At the lek that I photograph in Perthshire, I’m lucky that I get the first light in the morning (it’s not obstructed by a hill), and I can choose to position the blinds to photograph front-lit or back-lit.
The idea behind the blind is that the birds don’t see you go in or out; you need to arrive early in the morning so you can hide before they arrive.
In my experience, predicting the time that the birds will arrive in the morning can vary from lek to lek and day to day.
Once, I arrived at a lek an hour and forty minutes before sunrise, and the birds were already there, so I had to leave and come back another day – no photos are worth the welfare of the birds.
The first time you are visiting a new lek, I would recommend arriving closer to two hours before sunrise so that you can safely set up and get inside your blind well before the birds arrive.
At the lek that I photograph, the birds usually don’t arrive until about an hour and twenty minutes before sunrise. I like to set up the blinds and leave them there in advance so that I can just show up and get in.
Once you are actually inside the blinds, you need to be quiet, especially if the birds go quiet. The grouse are constantly hissing and rookooing, so when they go silent, it’s usually because something has made them nervous.
It could be a predator or something they’re not sure of, but at this time, they are particularly sensitive to disturbance, and it’s best to stay completely still and not even try to get an image until they start calling again. It usually doesn’t take very long, so be patient!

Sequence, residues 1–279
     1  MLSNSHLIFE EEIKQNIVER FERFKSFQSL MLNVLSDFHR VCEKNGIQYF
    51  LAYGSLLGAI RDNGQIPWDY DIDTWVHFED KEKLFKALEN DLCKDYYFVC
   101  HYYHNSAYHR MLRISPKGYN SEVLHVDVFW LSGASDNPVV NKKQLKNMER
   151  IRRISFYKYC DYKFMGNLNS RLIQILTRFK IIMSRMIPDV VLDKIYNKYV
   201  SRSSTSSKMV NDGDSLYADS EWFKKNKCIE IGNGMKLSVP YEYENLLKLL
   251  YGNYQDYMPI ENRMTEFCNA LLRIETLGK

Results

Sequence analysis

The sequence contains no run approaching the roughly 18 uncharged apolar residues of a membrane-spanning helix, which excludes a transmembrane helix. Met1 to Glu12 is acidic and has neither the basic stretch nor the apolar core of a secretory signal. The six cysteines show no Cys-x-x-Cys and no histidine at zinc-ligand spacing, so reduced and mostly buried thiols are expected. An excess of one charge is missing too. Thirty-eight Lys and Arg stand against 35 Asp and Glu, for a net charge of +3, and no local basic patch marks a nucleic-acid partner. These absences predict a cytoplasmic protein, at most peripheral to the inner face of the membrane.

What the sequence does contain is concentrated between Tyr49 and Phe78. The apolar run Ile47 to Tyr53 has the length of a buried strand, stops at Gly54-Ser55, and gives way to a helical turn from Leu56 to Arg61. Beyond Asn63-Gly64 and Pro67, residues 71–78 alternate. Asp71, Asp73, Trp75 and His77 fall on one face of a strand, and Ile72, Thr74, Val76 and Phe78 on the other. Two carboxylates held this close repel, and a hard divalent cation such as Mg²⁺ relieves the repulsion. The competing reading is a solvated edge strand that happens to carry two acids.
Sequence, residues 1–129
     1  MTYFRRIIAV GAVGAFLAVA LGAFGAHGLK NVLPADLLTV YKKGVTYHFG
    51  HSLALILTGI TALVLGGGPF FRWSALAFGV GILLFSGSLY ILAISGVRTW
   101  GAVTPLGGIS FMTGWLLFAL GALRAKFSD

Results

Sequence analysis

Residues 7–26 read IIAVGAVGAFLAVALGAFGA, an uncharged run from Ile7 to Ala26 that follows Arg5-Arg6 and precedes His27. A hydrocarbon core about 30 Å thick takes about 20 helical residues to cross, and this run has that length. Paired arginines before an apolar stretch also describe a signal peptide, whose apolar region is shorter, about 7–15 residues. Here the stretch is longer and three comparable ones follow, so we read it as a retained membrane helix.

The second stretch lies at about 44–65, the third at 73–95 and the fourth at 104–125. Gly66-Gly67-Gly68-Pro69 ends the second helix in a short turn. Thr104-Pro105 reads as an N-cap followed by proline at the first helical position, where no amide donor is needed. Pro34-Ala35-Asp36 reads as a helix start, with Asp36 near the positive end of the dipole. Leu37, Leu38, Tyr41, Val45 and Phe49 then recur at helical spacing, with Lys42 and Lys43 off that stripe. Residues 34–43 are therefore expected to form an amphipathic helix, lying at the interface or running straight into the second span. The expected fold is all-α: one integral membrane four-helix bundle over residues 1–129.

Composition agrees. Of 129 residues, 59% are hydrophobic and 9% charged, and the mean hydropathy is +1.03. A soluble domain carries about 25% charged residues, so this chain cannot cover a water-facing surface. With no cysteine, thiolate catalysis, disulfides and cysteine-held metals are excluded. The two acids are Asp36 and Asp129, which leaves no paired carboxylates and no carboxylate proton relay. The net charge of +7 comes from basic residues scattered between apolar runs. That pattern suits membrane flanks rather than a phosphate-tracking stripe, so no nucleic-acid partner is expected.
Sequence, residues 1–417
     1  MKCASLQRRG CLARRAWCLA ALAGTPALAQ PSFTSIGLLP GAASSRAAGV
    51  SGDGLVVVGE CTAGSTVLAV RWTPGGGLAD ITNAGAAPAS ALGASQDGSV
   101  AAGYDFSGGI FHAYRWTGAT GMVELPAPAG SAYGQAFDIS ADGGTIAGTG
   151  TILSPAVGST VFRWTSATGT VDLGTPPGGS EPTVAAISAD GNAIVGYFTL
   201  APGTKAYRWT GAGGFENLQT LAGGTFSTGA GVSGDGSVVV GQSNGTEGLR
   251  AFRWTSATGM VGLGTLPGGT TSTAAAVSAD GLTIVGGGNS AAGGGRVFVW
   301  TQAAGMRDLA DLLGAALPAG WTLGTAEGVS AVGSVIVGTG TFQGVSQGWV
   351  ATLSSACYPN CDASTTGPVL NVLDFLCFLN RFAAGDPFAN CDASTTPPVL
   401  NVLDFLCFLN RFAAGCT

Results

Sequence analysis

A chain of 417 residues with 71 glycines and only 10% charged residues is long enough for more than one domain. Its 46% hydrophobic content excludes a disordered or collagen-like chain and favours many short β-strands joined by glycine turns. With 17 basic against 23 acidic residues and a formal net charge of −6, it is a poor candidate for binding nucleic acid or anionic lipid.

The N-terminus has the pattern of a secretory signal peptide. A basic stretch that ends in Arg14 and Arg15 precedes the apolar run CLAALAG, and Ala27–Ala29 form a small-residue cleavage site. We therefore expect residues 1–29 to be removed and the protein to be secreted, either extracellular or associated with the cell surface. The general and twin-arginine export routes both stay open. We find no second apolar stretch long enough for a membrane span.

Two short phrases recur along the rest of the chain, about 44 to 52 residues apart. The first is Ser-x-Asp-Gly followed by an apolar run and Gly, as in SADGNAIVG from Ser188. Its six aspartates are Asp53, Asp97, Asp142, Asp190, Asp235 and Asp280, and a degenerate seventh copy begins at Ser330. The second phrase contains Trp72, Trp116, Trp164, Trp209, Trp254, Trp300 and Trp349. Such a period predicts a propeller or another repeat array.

Read more: How to Build a Photography Hide
Comfort in the blind
When it comes to being comfortable in the hide, I’d like to recommend bringing a few items so that you’re happy to stay until the birds fly away; bear in mind that this could be anything from three to five hours, or possibly even longer.
A ground mat
A blow-up one can get noisy, so I like a foldable one. It’s essential for comfort and to keep warm – the cold, hard ground will seep up into your clothes faster than you think!
Bring a hat, gloves, etc. If it’s likely to get cold, I also like to bring a sleeping bag and some hand warmers. I’ve sat through some particularly cold mornings in the past, and I’d rather be prepared.
Finally, I don’t like to drink coffee or other diuretics before a potentially long blind session, but I always bring an empty bottle just in case. A quick Google search will find some better solutions for women!
Photographing black grouse
Once you have found the black grouse lek, here are my top tips for taking stand-out photographs.
As for camera gear, one long telephoto prime or zoom lens is usually good, though I also like to have a shorter-range zoom on a second camera body. As the grouse can move about quite a bit, I tend to favour a zoom lens over a prime lens as it’s more flexible.
My setup is two OM System OM-1 bodies with the M.Zuiko 150-400mm with a built-in 1.25x extender on one body and the M.Zuiko 40-150 f/2.8 on the other body. A bean bag or small tripod is good to bring to support your camera and lens.
As I also film a lot, I prefer a small tripod, and I find that the “mini tripod,” which is the upper part of the HEIPI tripod, is ideal for this.
Managing exposure settings
Because the males have black body feathers and white tail feathers, they can make for a tricky subject to expose properly.
With my OM-1 and other mirrorless cameras, it’s quite easy to achieve this by having the highlight alerts set up. This way you’ll see immediately if anything is overexposed, and you can make adjustments accordingly.